The Moroccan Munir al-Mutasaddiq was sentenced by a German court to 15 years in 2003 for conspiring to murder about 3000 people in the 2001 plane attacks in the United States.
The same court ruled on Wednesday he should be released .
But he will not be allowed to leave the city of Hamburg before his retrial, expected to begin in June, and must report regularly to police, a representative of his lawyer, Gerhard Strate, said.
The 29-year-old had also been found guilty of belonging to a German al-Qaida cell that included three of the hijackers.
"Mr Mutasaddiq will go free today, but not without conditions," court spokeswoman Sabine Westphalen told German television. Al-Mutassadiq will have to appear in court when asked and will not be given his confiscated passport back, she said.
Germany's Supreme Court ordered the retrial a month ago.
Al-Mutasaddiq's release is likely to be seen by the US and Germany as a major setback in Washington's "war on terror".
Prosecutors had described him as a "vital cog" in the September 11 plot.
"Mr Mutasaddiq will go free today, but not without conditions"
Al-Mutasaddiq's lawyers have argued that new evidence, which secured the acquittal of their client's friend and fellow Moroccan Abd Al-Ghani Mzudi on similar charges, also made their client's conviction unreliable.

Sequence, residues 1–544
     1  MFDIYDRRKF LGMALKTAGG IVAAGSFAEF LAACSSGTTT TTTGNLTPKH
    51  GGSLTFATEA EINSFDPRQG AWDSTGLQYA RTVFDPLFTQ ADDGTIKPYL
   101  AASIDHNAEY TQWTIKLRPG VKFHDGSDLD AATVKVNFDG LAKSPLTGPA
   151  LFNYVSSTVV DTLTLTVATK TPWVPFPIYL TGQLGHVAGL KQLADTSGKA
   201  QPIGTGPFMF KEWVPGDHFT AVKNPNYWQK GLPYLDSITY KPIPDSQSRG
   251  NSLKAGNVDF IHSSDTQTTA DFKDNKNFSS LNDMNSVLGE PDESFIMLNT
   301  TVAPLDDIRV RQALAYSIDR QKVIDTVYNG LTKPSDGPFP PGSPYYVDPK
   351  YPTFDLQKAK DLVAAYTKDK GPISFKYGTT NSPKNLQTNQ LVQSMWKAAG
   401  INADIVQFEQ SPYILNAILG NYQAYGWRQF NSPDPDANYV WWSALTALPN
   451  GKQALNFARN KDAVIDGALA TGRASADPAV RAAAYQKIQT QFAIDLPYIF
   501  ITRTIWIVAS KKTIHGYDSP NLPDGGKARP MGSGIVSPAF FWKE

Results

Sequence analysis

They said a retrial could prompt Washington to release more information.
Mzudi's acquittal in February hinged on information, passed to the court by German investigators, that neither he nor al-Mutasaddiq had belonged to a core group of plotters in Hamburg who had advance knowledge of the hijack plans.
The information was presumed to have come from US questioning of Ramzi bin al-Shaiba, a key al-Qaida suspect and member of the Hamburg cell, who is in US custody. The trial judge said the court could not assess its reliability, but that it had to give Mzudi the benefit of the doubt.
Al-Mutasaddiq insists he had no knowledge of the September 11 plot and did no more than help fellow Muslims living abroad.
He did, however, acknowledge that he had been trained at an al-Qaida camp in Afghanistan.